Dear Signpost,

I would like to thank the Signpost for their on-going coverage of the Student Fee Recommendation Committee. The WSU website lists the student fees for the ’11-’12 year at $775. This is a lot of money, and its allocation is an understandably heated topic. I would like to comment on the Feb. 8th article “SFRC finalizes decisions.”

A fiduciary relationship exists when one person or panel handles money or property for another. In this case, I would argue that the SFRC is making decisions for what to do with the student’s money (the fees).  The “responsibility” dictates that the committee should make decisions in the best interest of the body that they are handling the money for and also to protect their assets.

The SFRC’s recommendation to allocate $30,000 to athletics for POSSIBLE NCAA changes, while grossly underfunding other requests, is failing to meet their fiduciary responsibility for three distinct reasons.

  1. The article states that if passed, universities can pay athletes an additional $2,000 yearly — on top of scholarship funds. PAYING ATHLETES IS CURRENTLY ILLEGAL. Allocating funds for illegal activities is not in the best interest of the student body.
  2. There are multiple CURRENT needs by many departments. For example, when parking in the upper lot by Skyline, there is no sidewalk or crosswalk, creating an unsafe situation for those student commuters — daily. Also, I tried to get an appointment for a math tutor and was told that no tutors were available for the rest of the semester. And yet the biggest allocation was set to a fund an NCAA rule that does not yet exist. I would like to request that the SFRC, Senate and Administration publicly list their merits of why voluntarily paying a student athlete on top of their scholarship is more important than funding another tutor or providing a safe walking path on the outskirts of campus.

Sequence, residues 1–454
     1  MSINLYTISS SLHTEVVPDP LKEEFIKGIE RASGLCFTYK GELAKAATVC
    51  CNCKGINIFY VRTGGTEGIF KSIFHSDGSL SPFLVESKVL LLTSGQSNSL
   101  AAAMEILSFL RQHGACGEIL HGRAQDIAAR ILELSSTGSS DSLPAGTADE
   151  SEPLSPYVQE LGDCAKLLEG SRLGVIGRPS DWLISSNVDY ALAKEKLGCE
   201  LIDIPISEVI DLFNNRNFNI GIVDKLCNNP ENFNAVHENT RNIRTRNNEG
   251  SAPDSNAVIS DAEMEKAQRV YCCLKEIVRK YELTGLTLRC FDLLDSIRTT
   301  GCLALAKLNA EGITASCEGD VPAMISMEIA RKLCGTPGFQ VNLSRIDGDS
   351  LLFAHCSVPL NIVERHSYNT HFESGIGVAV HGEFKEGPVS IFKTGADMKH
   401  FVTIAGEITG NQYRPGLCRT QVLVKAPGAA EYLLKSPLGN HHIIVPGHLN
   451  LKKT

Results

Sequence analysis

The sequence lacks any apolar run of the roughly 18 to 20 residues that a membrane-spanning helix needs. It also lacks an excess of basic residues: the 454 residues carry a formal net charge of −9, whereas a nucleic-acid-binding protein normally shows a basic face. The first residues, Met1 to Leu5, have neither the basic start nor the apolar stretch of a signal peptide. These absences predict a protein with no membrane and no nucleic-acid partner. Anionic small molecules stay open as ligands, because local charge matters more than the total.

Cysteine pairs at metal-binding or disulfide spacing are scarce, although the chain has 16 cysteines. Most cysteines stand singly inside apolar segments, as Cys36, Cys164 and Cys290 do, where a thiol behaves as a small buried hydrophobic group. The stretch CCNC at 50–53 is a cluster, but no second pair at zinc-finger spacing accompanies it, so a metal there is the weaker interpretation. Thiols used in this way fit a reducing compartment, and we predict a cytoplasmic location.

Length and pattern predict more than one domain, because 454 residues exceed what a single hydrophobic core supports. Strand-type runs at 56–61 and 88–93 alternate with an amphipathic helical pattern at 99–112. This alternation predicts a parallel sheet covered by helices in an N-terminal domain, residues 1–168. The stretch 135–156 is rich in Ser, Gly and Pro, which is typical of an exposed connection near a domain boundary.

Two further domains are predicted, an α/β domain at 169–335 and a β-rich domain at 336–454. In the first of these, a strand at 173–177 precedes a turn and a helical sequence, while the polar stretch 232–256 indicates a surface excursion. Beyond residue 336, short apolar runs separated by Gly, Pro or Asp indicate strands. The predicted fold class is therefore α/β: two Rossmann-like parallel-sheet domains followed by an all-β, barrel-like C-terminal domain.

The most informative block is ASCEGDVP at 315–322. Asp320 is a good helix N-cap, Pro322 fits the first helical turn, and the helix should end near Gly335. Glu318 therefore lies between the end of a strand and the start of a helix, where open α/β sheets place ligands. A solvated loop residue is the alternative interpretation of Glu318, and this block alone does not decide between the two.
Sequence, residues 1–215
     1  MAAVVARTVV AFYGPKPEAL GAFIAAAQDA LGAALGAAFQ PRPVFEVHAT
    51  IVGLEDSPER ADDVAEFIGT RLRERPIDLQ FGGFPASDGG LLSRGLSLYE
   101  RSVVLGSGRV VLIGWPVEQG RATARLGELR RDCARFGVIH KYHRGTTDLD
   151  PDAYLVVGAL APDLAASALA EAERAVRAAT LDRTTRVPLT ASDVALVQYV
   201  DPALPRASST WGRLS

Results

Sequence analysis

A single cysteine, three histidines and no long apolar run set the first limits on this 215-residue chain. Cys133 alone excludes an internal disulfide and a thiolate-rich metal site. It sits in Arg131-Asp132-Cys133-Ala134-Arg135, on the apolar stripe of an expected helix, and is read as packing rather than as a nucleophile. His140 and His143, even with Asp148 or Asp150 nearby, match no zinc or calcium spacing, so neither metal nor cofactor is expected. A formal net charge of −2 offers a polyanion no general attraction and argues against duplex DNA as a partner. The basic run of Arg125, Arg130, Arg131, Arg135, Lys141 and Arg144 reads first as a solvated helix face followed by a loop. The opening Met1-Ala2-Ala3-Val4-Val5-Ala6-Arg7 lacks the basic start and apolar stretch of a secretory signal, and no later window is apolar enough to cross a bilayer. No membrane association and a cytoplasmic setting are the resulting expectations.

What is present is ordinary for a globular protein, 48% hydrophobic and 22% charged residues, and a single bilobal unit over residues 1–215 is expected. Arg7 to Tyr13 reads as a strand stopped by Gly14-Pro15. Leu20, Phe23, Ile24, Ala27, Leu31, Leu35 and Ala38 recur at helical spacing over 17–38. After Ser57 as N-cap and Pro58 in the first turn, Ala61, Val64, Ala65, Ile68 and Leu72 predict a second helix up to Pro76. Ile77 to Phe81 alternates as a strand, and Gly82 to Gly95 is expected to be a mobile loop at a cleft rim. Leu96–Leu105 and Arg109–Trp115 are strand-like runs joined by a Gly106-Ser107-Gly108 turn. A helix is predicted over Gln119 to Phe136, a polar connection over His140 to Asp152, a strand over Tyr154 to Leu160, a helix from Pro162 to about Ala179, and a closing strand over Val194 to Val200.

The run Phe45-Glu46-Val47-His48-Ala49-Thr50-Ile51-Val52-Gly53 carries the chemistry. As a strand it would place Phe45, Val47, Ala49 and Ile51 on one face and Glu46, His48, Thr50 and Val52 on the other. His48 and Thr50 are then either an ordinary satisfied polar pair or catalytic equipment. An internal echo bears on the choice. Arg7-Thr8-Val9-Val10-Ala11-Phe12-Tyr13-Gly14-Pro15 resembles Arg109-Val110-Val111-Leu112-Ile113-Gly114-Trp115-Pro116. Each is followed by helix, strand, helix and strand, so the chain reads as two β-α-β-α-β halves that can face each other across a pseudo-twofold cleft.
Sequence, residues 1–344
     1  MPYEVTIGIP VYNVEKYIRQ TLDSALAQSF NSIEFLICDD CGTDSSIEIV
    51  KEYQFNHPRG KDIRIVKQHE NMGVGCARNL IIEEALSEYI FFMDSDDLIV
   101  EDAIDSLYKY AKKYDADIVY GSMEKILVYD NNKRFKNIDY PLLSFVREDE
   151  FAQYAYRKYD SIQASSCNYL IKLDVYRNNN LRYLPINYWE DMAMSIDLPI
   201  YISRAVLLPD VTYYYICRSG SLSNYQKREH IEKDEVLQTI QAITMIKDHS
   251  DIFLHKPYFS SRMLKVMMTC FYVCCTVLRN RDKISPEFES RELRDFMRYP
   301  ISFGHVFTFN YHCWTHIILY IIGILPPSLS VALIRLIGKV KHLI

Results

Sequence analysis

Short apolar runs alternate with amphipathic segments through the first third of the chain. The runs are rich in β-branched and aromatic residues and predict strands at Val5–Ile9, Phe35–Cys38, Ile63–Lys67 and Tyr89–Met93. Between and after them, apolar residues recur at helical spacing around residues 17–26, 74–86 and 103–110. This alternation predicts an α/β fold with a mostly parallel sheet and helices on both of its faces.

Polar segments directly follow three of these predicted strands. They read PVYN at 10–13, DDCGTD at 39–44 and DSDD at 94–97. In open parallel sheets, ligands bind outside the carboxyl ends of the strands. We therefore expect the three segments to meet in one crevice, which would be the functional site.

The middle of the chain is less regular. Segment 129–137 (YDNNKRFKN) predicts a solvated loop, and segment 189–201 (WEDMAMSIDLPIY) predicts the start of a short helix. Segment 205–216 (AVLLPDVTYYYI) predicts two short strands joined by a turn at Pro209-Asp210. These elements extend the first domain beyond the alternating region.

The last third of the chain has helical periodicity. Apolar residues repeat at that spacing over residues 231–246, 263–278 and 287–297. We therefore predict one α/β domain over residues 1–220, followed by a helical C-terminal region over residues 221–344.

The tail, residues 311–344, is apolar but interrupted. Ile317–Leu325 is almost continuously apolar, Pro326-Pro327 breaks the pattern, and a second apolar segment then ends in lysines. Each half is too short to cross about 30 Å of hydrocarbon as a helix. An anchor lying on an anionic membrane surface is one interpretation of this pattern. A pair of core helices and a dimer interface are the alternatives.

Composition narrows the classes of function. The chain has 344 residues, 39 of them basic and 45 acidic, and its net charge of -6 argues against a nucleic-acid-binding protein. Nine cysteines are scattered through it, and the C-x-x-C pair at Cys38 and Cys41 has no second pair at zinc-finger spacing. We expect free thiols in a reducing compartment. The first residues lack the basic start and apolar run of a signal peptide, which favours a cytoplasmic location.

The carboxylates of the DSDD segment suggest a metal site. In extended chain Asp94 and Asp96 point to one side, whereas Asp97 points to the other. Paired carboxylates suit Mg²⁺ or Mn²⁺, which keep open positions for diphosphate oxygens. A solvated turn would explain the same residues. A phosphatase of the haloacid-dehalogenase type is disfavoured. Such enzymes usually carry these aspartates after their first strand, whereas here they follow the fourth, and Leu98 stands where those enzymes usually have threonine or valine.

3. One of the reasons stated for the NCAA rule was to allow compensation to an athlete for additional revenue their efforts bring in. This does not mean that all athletes MUST be paid. If in fact the athlete contributes to the schools bottom line, that increase is measurable based on ticket sales, or school logos sales. The SFRC has confused student fees as a revenue generating item. Maybe it all goes in the same pot, but the difference is I can choose to buy a ticket to a game, I cannot choose whether or not to pay the student fee. Payment to athletes should be funded by the revenue they bring in, not by mandatory student fees.

I work to pay for my school, and expenses, and now, thanks to the SFRC . . . also to pay for somebody else’s expenses!

Dear Senate and administration: Please don’t rubber stamp this recommendation! Perhaps you can do your fiduciary responsibility, unlike the SFRC.

Regards,

Working WSU Student.

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